August 31, 2021
The curious geologist
How a South Australian geologist named Reg Sprigg helped solve Charles Darwin's dilemma
August 24, 2021
Seachange: 20 years on from the Tampa Affair
When a Norwegian container ship - the MV Tampa – rescued 438 asylum seekers from a sinking boat on August 26, 2001 who was to know the political fallout it would leave in its wake?
August 17, 2021
Miner Poets - songs and verse from the west coast of Tasmania
We travel to the west coast of Tasmania, to meet the mining communities who carry on a rich cultural tradition of storytelling in poetry and song.
August 10, 2021
Stories from the Archibald
On the 100th anniversary of Sydney's Archibald portrait prize, artist Wendy Sharpe takes a look at some its most controversial moments.
August 3, 2021
Alone with J.S. Bach
The music of Johann Sebastian Bach is a lifetime companion for many violinists. And in our time of Covid-19 isolation, his Six Sonatas and Partitas for Solo Violin have taken on a new resonance. These pieces are spiritual, virtuosic, joyful - and enigmatic.
July 27, 2021
Whitlam's China chance: the origins of the Australia-China relationship
In the Cold War winter of July 1971 ALP leader Gough Whitlam made an audacious trip to Beijing. This is the story of the events, 50 years ago, that turned Australia towards communist China.
July 20, 2021
Those Bloody Vegos - a short history of vegetarianism in Australia
Early in 2020, a vegetarian version of the iconic Four’N Twenty meat pie hit service stations around the country. For lifelong vego Carly Godden, this re-imagining of an Aussie classic was a sign - vegetarianism had finally gone mainstream.
July 13, 2021
Escape from Greece 1941
One soldier's incredible World War II escape story through southern Europe. Why haven't Australian's heard more about the heroic ANZAC campaign in Greece? ON the 80th anniversary of the Battle of Tempe Gorge, the story is revealed.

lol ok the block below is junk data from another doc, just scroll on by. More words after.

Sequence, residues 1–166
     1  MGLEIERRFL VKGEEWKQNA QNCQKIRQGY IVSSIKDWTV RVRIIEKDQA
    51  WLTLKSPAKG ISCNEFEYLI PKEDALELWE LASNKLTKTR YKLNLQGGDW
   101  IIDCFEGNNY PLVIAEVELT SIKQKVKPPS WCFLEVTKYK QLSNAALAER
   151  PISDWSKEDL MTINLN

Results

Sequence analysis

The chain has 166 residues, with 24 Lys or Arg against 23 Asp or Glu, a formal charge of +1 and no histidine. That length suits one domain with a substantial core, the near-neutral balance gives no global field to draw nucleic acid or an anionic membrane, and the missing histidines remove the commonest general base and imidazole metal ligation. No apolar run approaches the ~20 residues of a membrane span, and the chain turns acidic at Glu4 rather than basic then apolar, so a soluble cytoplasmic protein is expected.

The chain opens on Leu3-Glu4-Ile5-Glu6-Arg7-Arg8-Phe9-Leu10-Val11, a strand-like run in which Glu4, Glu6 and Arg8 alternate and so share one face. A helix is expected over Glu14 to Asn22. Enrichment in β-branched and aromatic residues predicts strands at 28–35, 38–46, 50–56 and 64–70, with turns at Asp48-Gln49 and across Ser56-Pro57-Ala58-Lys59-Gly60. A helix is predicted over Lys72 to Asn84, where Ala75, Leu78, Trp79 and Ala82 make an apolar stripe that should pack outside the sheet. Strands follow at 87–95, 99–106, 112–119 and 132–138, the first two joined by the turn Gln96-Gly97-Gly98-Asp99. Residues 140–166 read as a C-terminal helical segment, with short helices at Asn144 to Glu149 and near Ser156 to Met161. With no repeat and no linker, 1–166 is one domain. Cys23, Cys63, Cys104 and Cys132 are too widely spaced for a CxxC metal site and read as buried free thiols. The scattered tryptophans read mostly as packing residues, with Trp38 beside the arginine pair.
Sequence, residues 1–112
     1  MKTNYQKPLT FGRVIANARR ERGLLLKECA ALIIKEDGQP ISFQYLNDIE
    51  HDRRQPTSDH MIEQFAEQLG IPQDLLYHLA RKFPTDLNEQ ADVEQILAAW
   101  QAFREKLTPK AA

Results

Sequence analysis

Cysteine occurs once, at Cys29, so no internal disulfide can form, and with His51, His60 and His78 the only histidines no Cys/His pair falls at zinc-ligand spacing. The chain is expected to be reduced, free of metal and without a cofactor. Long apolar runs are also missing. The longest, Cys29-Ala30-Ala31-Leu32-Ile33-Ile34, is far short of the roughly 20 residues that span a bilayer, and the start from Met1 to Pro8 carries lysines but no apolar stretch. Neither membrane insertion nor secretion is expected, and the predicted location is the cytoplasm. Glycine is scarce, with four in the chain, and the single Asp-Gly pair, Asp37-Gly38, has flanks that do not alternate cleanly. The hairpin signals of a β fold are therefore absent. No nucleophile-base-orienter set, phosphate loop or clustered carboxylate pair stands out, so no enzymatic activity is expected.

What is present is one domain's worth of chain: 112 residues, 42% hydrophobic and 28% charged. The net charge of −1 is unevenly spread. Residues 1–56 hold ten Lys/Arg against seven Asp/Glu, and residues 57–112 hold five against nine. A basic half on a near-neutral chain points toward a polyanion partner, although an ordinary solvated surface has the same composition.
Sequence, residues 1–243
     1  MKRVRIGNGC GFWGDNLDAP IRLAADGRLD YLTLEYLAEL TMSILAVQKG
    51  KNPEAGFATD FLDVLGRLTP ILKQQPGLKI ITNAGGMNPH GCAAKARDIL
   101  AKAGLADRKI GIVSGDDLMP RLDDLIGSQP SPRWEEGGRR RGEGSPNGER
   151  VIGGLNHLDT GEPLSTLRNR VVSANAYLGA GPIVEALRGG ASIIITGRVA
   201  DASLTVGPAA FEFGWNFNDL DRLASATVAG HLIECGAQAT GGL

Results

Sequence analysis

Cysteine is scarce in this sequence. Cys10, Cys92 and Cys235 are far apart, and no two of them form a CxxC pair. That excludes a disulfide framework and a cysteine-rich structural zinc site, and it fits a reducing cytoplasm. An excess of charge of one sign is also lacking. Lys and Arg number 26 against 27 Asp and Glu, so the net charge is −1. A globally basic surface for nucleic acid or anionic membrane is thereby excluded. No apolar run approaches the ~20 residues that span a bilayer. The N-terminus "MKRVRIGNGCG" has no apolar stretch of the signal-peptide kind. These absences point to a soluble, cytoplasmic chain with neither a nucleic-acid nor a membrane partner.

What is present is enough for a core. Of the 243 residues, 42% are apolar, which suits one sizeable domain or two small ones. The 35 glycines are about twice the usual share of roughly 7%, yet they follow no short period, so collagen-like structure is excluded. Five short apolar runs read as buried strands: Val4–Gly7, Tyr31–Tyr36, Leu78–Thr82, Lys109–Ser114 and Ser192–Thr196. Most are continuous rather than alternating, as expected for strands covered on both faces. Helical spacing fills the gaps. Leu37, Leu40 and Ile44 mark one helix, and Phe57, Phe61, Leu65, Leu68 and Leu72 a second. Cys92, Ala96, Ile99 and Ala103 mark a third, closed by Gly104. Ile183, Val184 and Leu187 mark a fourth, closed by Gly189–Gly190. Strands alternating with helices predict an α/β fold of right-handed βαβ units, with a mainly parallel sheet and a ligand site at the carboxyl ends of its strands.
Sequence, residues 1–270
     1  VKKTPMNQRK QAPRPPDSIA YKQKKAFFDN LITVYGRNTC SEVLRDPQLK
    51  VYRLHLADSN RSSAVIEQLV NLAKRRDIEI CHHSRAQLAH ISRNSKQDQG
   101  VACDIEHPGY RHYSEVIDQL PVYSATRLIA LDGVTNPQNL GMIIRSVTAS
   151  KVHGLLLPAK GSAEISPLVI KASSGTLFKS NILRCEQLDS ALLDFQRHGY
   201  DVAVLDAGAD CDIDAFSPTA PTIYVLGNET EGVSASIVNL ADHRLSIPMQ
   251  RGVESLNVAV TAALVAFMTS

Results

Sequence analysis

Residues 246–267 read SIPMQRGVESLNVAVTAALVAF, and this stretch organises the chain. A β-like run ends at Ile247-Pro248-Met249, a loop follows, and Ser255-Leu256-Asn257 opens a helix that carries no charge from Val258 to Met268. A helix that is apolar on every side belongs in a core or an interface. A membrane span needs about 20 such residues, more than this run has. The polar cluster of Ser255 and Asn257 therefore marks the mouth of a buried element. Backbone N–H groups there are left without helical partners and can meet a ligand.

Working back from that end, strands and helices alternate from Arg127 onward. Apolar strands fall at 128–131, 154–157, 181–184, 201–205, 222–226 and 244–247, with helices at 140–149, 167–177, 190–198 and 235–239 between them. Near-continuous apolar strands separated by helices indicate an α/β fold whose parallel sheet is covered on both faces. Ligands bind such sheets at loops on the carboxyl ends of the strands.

July 6, 2021
Yarramundi and the people of Dyarubbin
Dyarubbin, the mighty Hawkesbury River, winds its way along the foot of the Blue Mountains, around the north western rim of Sydney’s Cumberland Plain. Settlement along the river, like much of Australia’s history, has been told from a colonial perspective. We hear from Darug knowledge holders about their long and enduring relationship with this country, and the river they know as Dyarubbin
June 29, 2021
How hypnosis brought the CIA to Australia
Martin Orne was one of the leading psychologists of the 20th century, his specialty was the science of hypnosis. In the 1960s, his scientific method brought him to the University of Sydney, and it's world respected psychology faculty. Unbeknownst to his Australian researchers, however, Professor Orne was being secretly funded by the CIA, in their Cold War quest to control the human mind.
June 22, 2021
An Object in Time - The Whip
The whip played a central role in the development of Australia. What can it tell us about our society today?
June 15, 2021
An Object in Time - The Ginger Beer
The refreshing beverage that revolutionised the law.
June 8, 2021
An Object in Time - The Envelope
An envelope is a humdrum communications device – except when it’s full of misinformation, tucked into the pocket of a dead man, and dropped by a submarine off the coast of wartime Spain.